On 1st May people from civil society institutions across Newcastle came together for the first of three workshops exploring democracy and devolution in the region.
The focus of the workshops is devolution of power through the upcoming mayoral election: how can civil society shift currently imbalanced power relationships so that local communities have more control over the decisions currently made on their behalf?
The mayoral election for the North of Tyne combined authority in 2019 will provide a new opportunity to engage local people in decision-making, and the three workshops intend to explore what local communities want to achieve from this process.
As one participant put it:
“If you could frame the [metro mayor] election around things people really want, it could be a powerful opportunity.”
The aim of this first workshop was to explore how participants interpret existing decision-making structures in the North East, how people view power as it currently is.
“Ideally power should lie in the hands of the people – but it doesn’t”
The workshop began with people sharing images they felt depicted the current situation in the world as it is.
A lot of the images were about the top-down nature of politics, often London-centric and dominated by people who are out of touch with the reality of the world as it is. As one person said, civil society has “a parent-child relationship with government as the daddy we go to for handouts”.
They highlighted the relationship with government as too often dominated by an economic agenda rooted in austerity where every funding and investment decision is made (or more likely rejected) against a scale of profitability.
To reimagine how local communities can have more influence, you need to understand who currently holds power and what prevents communities from having control.
The group was unanimous that local communities had limited power over political decision making – which, as many highlighted, is reflected in the increased disengagement of local people in local politics.
Individuals highlighted that many important local decisions work through formal and highly conventional decision-making processes, where decisions are made on behalf of and not by those directly affected and there’s limited accountability.
(Where) do you belong?
Reflections about the changing nature of local communities came out in the discussions.
In particular, people talked about how individuals’ sense of belonging has been weakened as a result of economic decline locally – the decline of industries that previously bound people together. This has created further disengagement within local, community-level decisions and projects.
Some people also said that communities feel increasingly disengaged in activities going on in their local areas due to economic pressures increasingly dictating their lives, through longer working hours and higher rates of employment for example.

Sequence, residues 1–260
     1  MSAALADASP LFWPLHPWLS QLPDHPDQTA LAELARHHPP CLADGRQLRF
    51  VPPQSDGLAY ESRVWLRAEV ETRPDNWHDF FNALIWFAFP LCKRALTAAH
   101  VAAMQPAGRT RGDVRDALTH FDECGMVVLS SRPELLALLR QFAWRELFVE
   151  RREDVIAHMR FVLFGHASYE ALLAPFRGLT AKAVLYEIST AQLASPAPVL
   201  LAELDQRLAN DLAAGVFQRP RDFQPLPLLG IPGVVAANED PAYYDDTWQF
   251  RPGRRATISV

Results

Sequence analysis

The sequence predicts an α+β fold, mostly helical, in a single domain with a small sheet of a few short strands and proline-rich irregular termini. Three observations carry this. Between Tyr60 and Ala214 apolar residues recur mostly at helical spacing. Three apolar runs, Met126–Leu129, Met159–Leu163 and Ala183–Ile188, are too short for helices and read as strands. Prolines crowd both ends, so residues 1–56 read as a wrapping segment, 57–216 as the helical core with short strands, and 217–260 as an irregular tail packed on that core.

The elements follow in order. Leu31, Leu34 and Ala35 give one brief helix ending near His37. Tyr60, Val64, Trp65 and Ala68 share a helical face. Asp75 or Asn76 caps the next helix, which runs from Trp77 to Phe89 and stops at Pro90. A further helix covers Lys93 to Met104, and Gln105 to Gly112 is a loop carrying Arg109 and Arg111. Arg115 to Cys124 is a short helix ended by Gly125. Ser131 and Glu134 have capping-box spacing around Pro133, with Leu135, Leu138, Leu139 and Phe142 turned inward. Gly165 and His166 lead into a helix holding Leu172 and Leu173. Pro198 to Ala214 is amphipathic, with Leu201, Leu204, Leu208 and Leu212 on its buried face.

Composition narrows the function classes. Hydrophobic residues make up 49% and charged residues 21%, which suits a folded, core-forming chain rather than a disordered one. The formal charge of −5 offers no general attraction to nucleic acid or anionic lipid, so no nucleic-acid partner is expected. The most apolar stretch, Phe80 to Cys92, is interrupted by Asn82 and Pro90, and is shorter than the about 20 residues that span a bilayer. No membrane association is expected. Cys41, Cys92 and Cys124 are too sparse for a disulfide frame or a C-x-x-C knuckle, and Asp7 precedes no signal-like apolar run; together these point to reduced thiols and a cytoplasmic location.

Economic decline within the region was also highlighted as a cause of individuals being unsure which communities they belong to and part of the role of civil society is to highlight the ways in which local people can become more engaged with community-level organisations and institutions. One individual highlighted that in an increasingly digital age, technology presents an opportunity to engage with and build these connections in order to re-align individuals with a sense of belonging to a specific community.
“People often don’t know what community they exist in, how do we connect with people in this more individualised digital age?”
Before challenging the unequal power balances that exist in society, participants highlighted that an important step is to help communities understand the links that already exist between individuals and organisations within civil society and how these links can be used to gain power and control within local decision making.
Should we focus on power at all?
A number of people involved raised concerns over whether power was the right way to engage communities in decision-making. Rather than focussing on shifting the power balance, some argued that the central focus should aim towards unlocking the various creative capabilities and capacities of local communities to drive forward change.
Power, as some highlighted, has for a long time been understood as limited simply to those with wealth that is structurally difficult to challenge. However, simply blaming the lack of power on central government funding and refusing to challenge this notion, as one individual said, is “us abdicating responsibility”. Making the most of the resources that communities already have can provide real potential for constructing creative solutions and ideas.
The student view
As a student in Newcastle, one of the things I highlighted was my own experiences of the disconnect between the student and Newcastle communities and how engaging students within local decision making could provide a powerful opportunity to build stronger relationships with locals. There’s a particular opportunity in areas like Jesmond and Sandyford to challenge the extent of student accommodation construction within central city areas – an issue that was highlighted by many of those at the workshop.
Many students feel, from my own experience, that during their time at University, they become embedded within a ‘student bubble’ that produces a small, single perception of the vast opportunities, resources and also challenges that Newcastle is faced with. Only through engaging students in local communities and decision-making at the academic level can these opportunities and challenges be tackled.
People were generally optimistic about the potential for bringing civil society together. Using this workshop as a starting point, future workshops will explore whether the upcoming election of the metro mayor has the potential to give communities power — how decision making could happen differently and practically how we get there.
13th June 2018